How Does Educational Attainment Affect the Risk of Being Infected by HIV/AIDS? Evidence from a General Population Cohort in Rural Uganda.

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How Does Educational Attainment Affect the Risk of Being Infected by HIV/AIDS? Evidence from a General Population Cohort in Rural Uganda. Damien de Walque + The University of Chicago September 2002 I am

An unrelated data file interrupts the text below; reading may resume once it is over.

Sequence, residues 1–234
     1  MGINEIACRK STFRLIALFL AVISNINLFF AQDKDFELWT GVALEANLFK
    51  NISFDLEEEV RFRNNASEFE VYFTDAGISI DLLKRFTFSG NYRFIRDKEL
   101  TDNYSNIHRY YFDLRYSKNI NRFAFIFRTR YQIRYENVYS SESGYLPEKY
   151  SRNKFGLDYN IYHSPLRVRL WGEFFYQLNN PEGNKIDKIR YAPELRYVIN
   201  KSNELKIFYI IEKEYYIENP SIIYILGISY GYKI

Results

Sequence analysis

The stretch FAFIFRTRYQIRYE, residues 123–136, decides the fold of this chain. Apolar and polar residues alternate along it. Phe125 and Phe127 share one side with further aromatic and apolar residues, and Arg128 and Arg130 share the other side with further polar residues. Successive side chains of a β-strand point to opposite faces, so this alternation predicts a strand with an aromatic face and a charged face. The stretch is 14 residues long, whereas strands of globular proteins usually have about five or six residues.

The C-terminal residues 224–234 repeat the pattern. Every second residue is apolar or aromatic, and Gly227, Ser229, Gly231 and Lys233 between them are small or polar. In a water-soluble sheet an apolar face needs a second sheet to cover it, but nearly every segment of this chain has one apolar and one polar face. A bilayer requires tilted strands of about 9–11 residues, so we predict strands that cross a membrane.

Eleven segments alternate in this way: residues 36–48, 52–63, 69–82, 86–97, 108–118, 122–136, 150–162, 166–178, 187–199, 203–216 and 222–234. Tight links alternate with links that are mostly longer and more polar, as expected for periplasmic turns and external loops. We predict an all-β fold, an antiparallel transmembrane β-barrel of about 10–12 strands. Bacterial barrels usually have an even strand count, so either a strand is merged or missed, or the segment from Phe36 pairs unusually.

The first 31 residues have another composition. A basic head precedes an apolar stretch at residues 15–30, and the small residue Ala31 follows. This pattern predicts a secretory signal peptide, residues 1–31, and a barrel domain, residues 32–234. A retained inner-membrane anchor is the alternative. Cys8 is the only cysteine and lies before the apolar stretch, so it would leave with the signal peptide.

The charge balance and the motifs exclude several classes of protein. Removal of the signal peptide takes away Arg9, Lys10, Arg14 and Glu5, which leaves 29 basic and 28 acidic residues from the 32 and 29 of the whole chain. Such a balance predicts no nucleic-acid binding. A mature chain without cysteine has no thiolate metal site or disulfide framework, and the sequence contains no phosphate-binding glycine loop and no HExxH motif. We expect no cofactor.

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How Does Educational Attainment Affect the Risk of Being Infected by HIV/AIDS? Evidence from a General Population Cohort in Rural Uganda. Damien de Walque + The University of Chicago September 2002 I am very grateful to Dr June Busingye, George Katongole, Jessica Nakiyingi, Julie Pickering, Anthony Ruberantwari and Professor James A.G. Whitworth from the Medical Research Council (UK)/Department for International Development (UK)/Uganda Virus Research Institute Programme on AIDS in Uganda for their hospitality in Uganda, for giving me access to the data set of the General Population Cohort and helping me with numerous advices and comments on the data sets and on the general situation of the HIV/AIDS epidemic in Uganda. I thank Gary Becker, Hoyt Bleakley, Raphael De Coninck, Mark Duggan, Michael Greenstone, Patrick Heuveline, Fabian Lange, Steven Levitt, Casey Mulligan, Kevin Murphy, Tomas Philipson, Chris Rohlfs, James Whitworth and participants of the micro-lunch at the University of Chicago for helpful comments and discussions. Financial support from the Flora and William Hewlett Foundation Fellowship and the Esther and T.W. Schultz Endowment Dissertation Fellowship is gratefully acknowledged. Please do not quote without the author s permission. + Abstract Rates of return to education, as traditionally calculated, only account for labor market earnings. It is thought, however, that education may increase people's life expectancy. This paper tests this hypothesis in the context of the HIV/AIDS epidemic in Africa. Using data from the General Population Cohort of the Medical Research Council Programme on AIDS in Uganda, it shows that over the last decade there has been a substantial evolution in the HIV prevalence/education gradient among the population in rural Uganda surveyed. Early in the epidemic, in 1990, there was no robust relation between HIV/AIDS and education. In 2000, after more than a decade of information efforts about the dangers of the epidemic, for individuals who started their sexual life after the start of the prevention campaigns, the higher the education level, the lower the risk of being HIV positive. This result is new in Africa, as previous studies of the HIV/education relation have generally concluded that there was either a positive or no association between HIV infection and schooling levels. I estimate that more educated individuals have reacted much stronger to the arrival of the information about the epidemic than individuals with less education. Results on HIV incidence in a duration framework confirm this finding. The analysis of sexual behaviors reinforces it: in particular, condom use is associated positively with schooling levels. This suggests that there might be substantial additional, non labor-market, returns to schooling associated with the effect of education on health. I find that the effect of education in reducing HIV/AIDS infection adds between 0.5 and 3.5 percentage points to the standard estimates of the returns to schooling. 1 Introduction The HIV/AIDS epidemic is probably the greatest challenge facing Africa. According to UNAIDS [46], in 2001, 28.1 million people were infected by HIV/AIDS in Africa (this represents 70% of the worldwide total), 2.3 million died from the virus and 3.4 million became newly infected. Figure 1 shows the evolution of the epidemic in selected African countries between 1997 and In Uganda, the percentage of infected adults in 2001 was 5.0% -down from 14% in the early 90 s- and the forecasted reduction in life-expectancy is from 54 to 43 years [48]. The economic profession has mainly addressed this epidemic by looking at its demographic and economic consequences [6] [17] [7] [27] [1] or by looking at the issue of the affordability of the treatment and the incentives to create a vaccine [25]. This paper focuses on an economic analysis [39] of the behaviors leading to HIV/AIDS infection, with a special emphasis on the impact of education. In particular, it investigates the relation between educational attainment and the risk of being infected by HIV/AIDS. How does educational attainment affect the risk and the probability to be infected by the HIV/AIDS epidemic? The general empirical observation that educated and rich people are usually healthier and the complementarity between health and education predicted by economic theory would suggest that more educated people would be less affected by a disease perceived as facilitated by ignorance and poverty. The relationship between HIV prevalence and education has been studied in the epidemiological and medical literature [5] [15] [18] [19] [23] [49]. A recent review article [21] concluded that in Africa, several studies have shown that higher education levels were associated with a greater risk of infection. studies, however, are in urban settings and based on data taken earlier in the epidemic. Most of these This positive association between education and HIV infection has been seen as puzzling and as a cause of concern from a policy perspective. However, there is evidence that among younger cohorts this positive association has disappeared. In Uganda, this pattern - the positive gradient between education and HIV and the subsequent flattening of it - has been documented among pregnant women visiting ante-natal care clinics in the city of 1 Fort Portal [23]. In previous studies, I have analyzed this pattern from an economic perspective, using the surveillance data from Fort Portal [11] [10]. The very strong correlation between education levels and health outcomes, even after controlling for income, has been recognized as a robust empirical observation in the social sciences and economic literature [9] [14] [26]. The decision to engage in risky sexual behavior in the presence of the HIV/AIDS epidemic is a choice that directly affects the health status and ultimately the mortality of the individuals. It, therefore, provide an interesting opportunity to investigate how education, by influencing behaviors, affects health outcomes. Unprotected sex was not initially perceived as dangerous in Uganda. At the end of the 80 s and early in the 90 s the information about the HIV/AIDS epidemic gradually came in and revealed the risk associated with the multiplicity of partners and unprotected sex. Variations over time in HIV prevalence across education groups might therefore be very informative about the way individuals reacted to that information and how education is instrumental in accessing and processing this information. Using data from the General Population Cohort (GPC) of the Medical Research Council (MRC) Programme on AIDS in Uganda, this paper shows that over the last decade there has been a substantial evolution in the HIV prevalence/education gradient among the population in rural Uganda surveyed by the GPC. Early in the epidemic, in 1990, a preliminary inspection indicates that education increases the risk of being infected by HIV. However, careful analysis of the data reveals that this positive correlation is in large part due to an age or cohort effect: young individuals are more likely to have some secondary education and, at the same time, they are more likely to be HIV positive. In 2000, after more than a decade of information and prevention efforts about the dangers of the epidemic, the pattern is very different: for individuals who started their sexual life before the start of the prevention campaigns, education is associated with an increased risk of HIV infection. On the contrary, for individuals who started their sexual life after the start of the prevention campaigns, the higher the education 2 level, the lower the risk of being HIV positive. The present paper details and analyzes this reversal of the education/hiv infection gradient illustrated in Figure 2. This seems to be one of the first study reporting robust evidence that for young cohorts in Africa 1 there is a negative gradient between education and HIV infection [21]. By comparing individuals who had no access to information about the epidemic during the portion of their sexual life covered at the time of the survey - individuals aged 18 to 29 in with individuals for whom information was accessible from the start of their sexual life - individuals aged 18 to 29 in 2000, this paper also estimates that more educated individuals have reacted much stronger to the arrival of the information about the epidemic than individuals with less education. As illustrated in Figure 3, the HIV prevalence for young individuals with no education or primary education decreased by 6 percentage points, while it decreased by 12 percentage points for individuals who went to secondary school. Results from a study of HIV incidence in a duration framework confirm this finding. Moreover, this paper documents one of the mechanisms leading to this result by showing, in a different data set, the 1995 Demographic and Health Survey for Uganda, that changes in sexual behavior, in particular condom use, have been more widespread among educated individuals. The policy implications of this finding are important as they suggest that investing in education is not only beneficial for the labor market outcomes of individuals, but also helps them to make decisions that improve their health and longevity. This is especially true in an environment where most individuals are not taking part in the formal economy and where, therefore, labor markets outcome are more difficult to assess. Rates of return to education, as traditionally calculated in the economics literature, only account for labor market earnings. Given the large impact on mortality of HIV/AIDS, by showing that educational achievement has an important role in the prevention of the epidemic, this paper suggests that traditional 1 Out of 27 studies reviewed, only one, Fontanet et al., 2000, among sugar estate workers in Ethiopia, reported a significantly negative association between HIV infection and education. A negative association between HIV infection and education has also been reported among military conscripts in Thailand (see Hargreaves et al., 2002 [21] for a review). 3 measures of the returns to education might be too low and estimates that, by introducing the effect of education on health, the addition might be between 0.5 and 3.5 percentage points The paper is structured as follows. Section 2 gives a short background on the HIV/AIDS epidemic in Africa. Section 3 presents theoretical models where choices in sexual behavior are modelized when confronted with the HIV/AIDS epidemic. Section 4 exposes the empirical analysis of the data from the General Population Cohort of the MRC Study. Section 5 covers the analysis of sexual behavior. Section 6 proposes a framework to estimate the additional returns to education due to the negative relation between HIV/AIDS and schooling. Section 7 concludes. 4 2 Some important facts about the HIV/AIDS epidemic in Africa In Africa, the transmission of the HIV epidemic occurs overwhelmingly through heterosexual intercourses. There is a long interval between HIV infection -seroconversion- and the actual development of AIDS. Using the data from the Natural History Cohort, a nested cohort study within the GPC, it has been estimated that the median time from seroconversion to AIDS was 9.4 years and from AIDS to death was 9.2 months [33] [31]. This median survival time is similar to what was found in industrialized countries before the introduction of antiretroviral therapies. For the vast majority of HIV/AIDS patients in Africa, however, and certainly for the periods considered in this paper, antiretroviral therapies were not available nor affordable. The long interval between seroconversion and AIDS has several implications that should be kept in mind while studying the dynamics of the HIV/AIDS epidemic. The firstimplicationisthatmosthivpositive individuals appear healthy. In an environment where voluntary testing is limited 2, this means that most people ignore their own HIV status as well as the status of their sexual partners. Another implication of this long interval is that any prevalence estimates reflects behavior which is on average 5 years old. This is an important fact to realize when trying to determine in how far some prevalence rates could have been influenced by information campaigns. For example, prevalence rates in reflect behaviors that are on average 5 years old, while the first prevention campaigns were launched in 1986 at a national level and were, at a local level, reinforced by the establishment of the MRC Programme in 1989 in the surveyed area. It is therefore reasonable to advance that a substantial component of the prevalence in is the consequence of sexual behaviors that predated the availability of the information about the epidemic. A final implication of the long interval between seroconversion and AIDS is that the level of the epidemic can be seen as a stock/flow issue. Theprevalenceratemeasuresthestock of seropositive individuals which is affected both by the incidence - the flow of individuals who seroconverted- and the mortality rates. In the 2 The Uganda Demographic Health Survey estimates that 8.4% of females and 12% of males have been tested for the AIDS virus [43]. 5 absence of migration, the relation between the prevalence of HIV and the incidence and the mortality can be summarized as such: H =(1 H)λ H Hλ D (1) H is the change in the prevalence rate at each period, typically one year. H is the HIV prevalence rate, λ H is the incidence rate, i.e. the rate at which HIV negative individuals become HIV positive and λ D is the mortality rate from AIDS for HIV positive individuals. This paper mainly analyzes HIV prevalence. However, it proposes also a survival analysis based on the few (133) incident cases that can be retraced from the information available at Rounds 1, 7, 8, 9 and 11. The GPC is the first study to report a significant decline in adult HIV incidence in rural Africa [29] [51]. It is also important to realize that, in light of the fact that the median interval between infection and death is around 10 years, HIV prevalence at young ages is only marginally affected by mortality. The first AIDS case in Uganda was diagnosed in The HIV virus was probably introduced late in the 1970 s or early in the 1980 s. [43] [42]. The Ugandan government was the first in Africa to recognize the extent of the epidemic [33]. As early as 1986, the government set up a national AIDS Control Programme which has been in charge of disseminating the information about the HIV/AIDS epidemic. From a peak of 14% in the early 90 s, the prevalence rate in the adult population has now been brought down to an estimated 5% [48]. Several studies have attributed this decline to a change in behavior associated with strong prevention campaigns. While, as documented in Figure 1, the epidemic is still on the rise in most of Africa, especially in southern Africa, with a prevalence rate as high as 38.5% [47] in the adult population of Botswana, Uganda appears as one of the few countries that have been successful in fighting the epidemic. Uganda has a population of 23 millions of which 15% is urban. In 1999, Uganda had a GDP per capita of 1,167 US $ in purchasing power parity [50]. 6 3 A theoretical model of sexual behavior in the presence of the HIV/AIDS epidemic The question of whether the effect of education is causal is central in the economics literature on the interaction between health and education. Theoretical explanations for this correlation can be classified into three broad categories. One explanation stresses that education is an investment [3]. Education will deliver an higher income, an higher consumption level in the future, raising the value of staying alive. More educated individuals are healthier because their investment in the future give them the right incentives to protect their health. Another explanation, based on education entering as a factor in the health production function [20] [22], emphasizes that education improves the access to health related information and helps processing that information to make the healthy decision. A third view [12] [14] claims that the observed correlation between health and education is mainly due to third factors - unobservables, like the discount factor or the ability - that causes the same individuals both to study longer and to take greater care of their health. This section presents three variations of a model that sketches choices in sexual behavior during the HIV/AIDS epidemic. These three explanations are not mutually exclusive, however, and it is very likely that they all contribute to the explanation of the positive correlation between health and education. However, for the purpose of clarity, I have separated the exposition in three steps. 3.1 Baseline model: in the absence of information about the HIV/AIDS epidemic The model presented here is very simplified but could be easily extended. For the sake of simplicity, it is a two periods model. At each period, individuals derive utility from consumption goods (c t ) and the number of sexual partners (n t )theyhaveineachperiod,witht =1, 2. 7 For convenience, I make the following assumptions, which could be relaxed without changing the main results : the agents choose only the number of their sexual partners and they have the same number of sexual intercourses with each partner. The period utility function is separable in consumption and in the number of sexual partners. U(c, n) =u(c)+v(n) (2) where u(.) and v(.) are both increasing and concave in their respective arguments. Agents live two periods provided they survive from the first to the second. Their survival is determined by a survival probability Q where 0 Q 1. In the baseline model, I assume that agents are not aware of the risks associated with the HIV/AIDS epidemic. Therefore, they take Q, the average survival probability in the population, as given and do not consider the effects of HIV exposure on survival when deciding about their sexual behavior. In order to introduce variation in the level of education, I introduce two type of agents : these with low human capital K L and those with high human capital K H. The wage W (K i ) is an increasing function of the level of human capital K i with i = L, H. The price of consumption goods is normalized to one in both periods. The individuals have the opportunity to protect their sexual intercourses, for example, by using condoms. π 1 denotes the proportion of protected sexual intercourses in the first period. The price of protection (price of condoms, of HIV testing, control of partner s fidelity) of sexual intercourse is defined as p π. The price, p n (market price in case of prostitution, gifts, dowry or shadow cost in case of non commercial sex) of a partner is identical for each of them. The asset level of the individual is defined by A. I assume a perfect annuity market so that assets A in period 1 carried to the next period become A(1+r) Q,wherer is the interest rate. For convenience, I will let the discount factor, β = 1 1+r. 8 Agents choose for each period their level of consumption (c 1,c 2 ), their number of sexual partners (n 1,n 2 ) and the proportions (π 1, π 2 ) of protected sexual intercourse. The inter-temporal problem they are facing is therefore characterized by: MAXc 1,c 2,n 1, n 2, π 1, π 2 u(c 1 )+v(n 1 )+βq[u(c 2 )+v(n 2 )] (3) subject to the following budget constraint: [λ] c 1 +(p n + p π π 1 )n 1 + Q 1+r [c 2 +(p n + p π π 2 )n 2 ]=W(K i )(1 + Q 1+r ) (4) with i = L, H. and subject to [θ] n 1 0 [ψ] π 1 0 [φ] π 1 1 The first order conditions for a maximum for this problem are very standard: [c 1 ]: u 0 (c 1 )=λ (5) [c 2 ]: u 0 (c 2 )=λ (6) 9 [π 1 ]:ψ = φ + λp π n 1 (7) [n 1 ]:v 0 (n 1 )+θ = λ(p n + p π π 1 ) (8) From equation (7), it follows that, since λp π n 1 0 (unless n 1 =0,inwhichcaseπ 1 i